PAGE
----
Soldiers With Enlistment Waivers Find Success

By Army Sgt. Susan Wilt
Special to American Forces Press Service

FORT BRAGG, N.C., July 23, 2008 - When Army Staff Sgt. Clarence Masiwemai greets someone, it's with a large grin and firm handshake. Beneath his smile, his chest and arm are covered in badges and awards that showcase his Army accomplishments, including the Combat Infantryman Badge, Parachutist Badge and the esteemed Ranger tab. At 23, Masiwemai is a decorated combat veteran who's led paratroopers in Iraq. In many ways, he seems like the prototype of a paratrooper on an Army recruiting poster.

But Masiwemai wasn't always so picture-perfect. Before he joined the Army, he had an anger problem; if someone looked at him funny, he was ready to fight. In fact, he had so many brushes with the law because of his brawling that he needed a waiver to be allowed to join.

"If [someone] tried to make a joke and it was in reference to our friends, family or where we came from, we'd respond back with fists," said Masiwemai, the land and ammunition noncommissioned officer for Headquarters Troop, 1st Squadron, 73rd Cavalry Regiment, 2nd Brigade Combat Team, in reference to how he and his friends were. "Now I'm the one making the jokes."

According to Army Recruiting Command statistics, the past three years have seen a 65 percent increase in the number of recruits who needed conduct waivers to join the Army. Today, about one in eight new armed services recruits are let in on these waivers. Media outlets have reported on this with a tone of concern for the quality of today's soldiers.

But Bill Carr, deputy undersecretary of defense for military personnel policy, stresses that waivers don't mean the military relaxes its standards, and that each waiver decision is based on "solid judgment calls."

"Last year's [waivered enlistees] proved to perform; they retained as well as the non-waivered counterparts, and they wouldn't be retaining if they weren't performing," he told online journalists and bloggers in an April 25 conference call. "They are doing as well as the non-waiver crowd. Therefore, we are making correct bets on the risks that we take for someone that has done something that was that much of an aberration against what we expect of our teenagers."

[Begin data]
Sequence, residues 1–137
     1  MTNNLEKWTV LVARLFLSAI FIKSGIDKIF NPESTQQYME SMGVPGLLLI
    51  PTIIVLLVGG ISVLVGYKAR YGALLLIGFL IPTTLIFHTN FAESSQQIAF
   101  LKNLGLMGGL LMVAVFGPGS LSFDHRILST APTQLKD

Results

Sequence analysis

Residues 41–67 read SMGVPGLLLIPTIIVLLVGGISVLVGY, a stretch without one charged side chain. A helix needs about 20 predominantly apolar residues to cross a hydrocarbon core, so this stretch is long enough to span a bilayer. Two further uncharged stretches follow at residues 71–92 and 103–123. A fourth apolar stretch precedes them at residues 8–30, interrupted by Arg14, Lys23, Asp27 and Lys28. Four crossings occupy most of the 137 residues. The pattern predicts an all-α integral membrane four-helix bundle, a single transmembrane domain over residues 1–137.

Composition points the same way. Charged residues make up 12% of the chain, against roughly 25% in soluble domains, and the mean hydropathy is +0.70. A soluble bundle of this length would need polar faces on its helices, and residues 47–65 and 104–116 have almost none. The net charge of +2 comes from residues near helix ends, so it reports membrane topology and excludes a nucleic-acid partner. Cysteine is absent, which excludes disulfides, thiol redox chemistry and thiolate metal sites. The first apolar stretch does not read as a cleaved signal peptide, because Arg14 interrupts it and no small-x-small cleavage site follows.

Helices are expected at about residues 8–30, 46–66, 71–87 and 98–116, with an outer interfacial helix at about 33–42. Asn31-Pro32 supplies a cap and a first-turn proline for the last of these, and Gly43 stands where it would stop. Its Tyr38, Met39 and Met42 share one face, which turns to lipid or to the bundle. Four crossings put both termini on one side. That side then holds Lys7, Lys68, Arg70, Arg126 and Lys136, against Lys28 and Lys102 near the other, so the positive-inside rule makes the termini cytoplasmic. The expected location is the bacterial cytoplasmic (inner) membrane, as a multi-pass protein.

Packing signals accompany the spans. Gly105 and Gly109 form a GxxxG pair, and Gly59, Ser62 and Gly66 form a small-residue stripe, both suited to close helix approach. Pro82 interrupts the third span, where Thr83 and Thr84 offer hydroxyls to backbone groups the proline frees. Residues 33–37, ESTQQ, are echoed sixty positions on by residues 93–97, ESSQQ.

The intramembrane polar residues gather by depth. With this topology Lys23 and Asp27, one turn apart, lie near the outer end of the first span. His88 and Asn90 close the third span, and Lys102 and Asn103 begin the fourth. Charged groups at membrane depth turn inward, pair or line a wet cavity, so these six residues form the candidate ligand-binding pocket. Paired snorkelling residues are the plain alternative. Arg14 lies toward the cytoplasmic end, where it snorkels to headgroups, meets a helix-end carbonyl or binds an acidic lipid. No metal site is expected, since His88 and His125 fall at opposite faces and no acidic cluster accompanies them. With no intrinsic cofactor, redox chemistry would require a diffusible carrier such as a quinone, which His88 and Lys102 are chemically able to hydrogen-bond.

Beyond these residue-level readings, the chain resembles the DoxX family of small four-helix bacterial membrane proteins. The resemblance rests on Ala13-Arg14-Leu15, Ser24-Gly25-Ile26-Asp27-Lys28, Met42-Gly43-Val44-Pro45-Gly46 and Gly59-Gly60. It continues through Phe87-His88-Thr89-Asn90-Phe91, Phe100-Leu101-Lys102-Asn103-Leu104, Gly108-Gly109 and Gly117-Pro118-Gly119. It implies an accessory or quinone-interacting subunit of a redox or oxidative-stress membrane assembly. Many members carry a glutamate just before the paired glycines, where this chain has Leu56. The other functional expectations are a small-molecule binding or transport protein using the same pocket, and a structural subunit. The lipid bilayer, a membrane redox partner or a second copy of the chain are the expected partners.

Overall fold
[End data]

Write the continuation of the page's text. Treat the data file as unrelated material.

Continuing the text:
In fact, a study by the Army's Human Resource Center showed that soldiers who enter the Army on a conduct waiver are more likely to re-enlist, are promoted quicker than their peers, and even win more awards and badges.

Like Masiwemai, Sgt. John Adkerson, a squad leader from the 82nd Airborne Division's Company A, 2nd Brigade Special Troops Battalion, was allowed to join the Army on a conduct waiver.

"Really, I joined because I wanted to -- I needed to -- keep myself out of trouble," said Adkerson, an Alpharetta, Ga., native.

Adkerson has done more than that. He's in charge of seven soldiers, has led paratroopers in combat in Iraq and Afghanistan, and received a Purple Heart after being wounded by shrapnel from a mortar.

"He leads from the front," Army 1st Lt. Travis Pride, Adkerson's former platoon leader, said. "He's a good role model."

Adkerson will give advice to his soldiers even if they don't know they need it, Pride explained.

When he was a private first class, Adkerson passed Ranger School, an intense combat leadership course, paving the way for a speedy promotion to sergeant in a little over two years. The average soldier takes 4.2 years. Masiwemai -- "Masi" for short -- also took two years to be promoted to sergeant; it took him five and a half to make staff sergeant.

Masiwemai, an Island of Yap, Micronesia, native, said that as soon as he finished basic training, he started to notice a change in himself as well as a few of his comrades who also came in on conduct waivers.

"Right when they finished basic training was when they realized, 'Hey, this is helping me out. I'm changing. I'm becoming a better person than I once was,'" Masiwemai explained. He said he believes soldiers who required a waiver to enlist end up doing well because they strive to improve themselves.

"They try harder to stay in the military by having an outstanding performance, by learning their job and knowing that the military is a great place to change yourself," he explained.

Adkerson said he believes that granting waivers to Army hopefuls with a questionable past helps get them off the streets and out of trouble.

"Waivers are the right thing to do," Adkerson said. "Instead of keeping people out of the Army, it's going to help the kids and make them a better person to society. ... People say you join a gang to get a family. The Army's a tighter family than you'd ever have."

(Army Sgt. Susan Wilt serves in the 82nd Airborne Division's 2nd Brigade Combat Team Public Affairs Office.)

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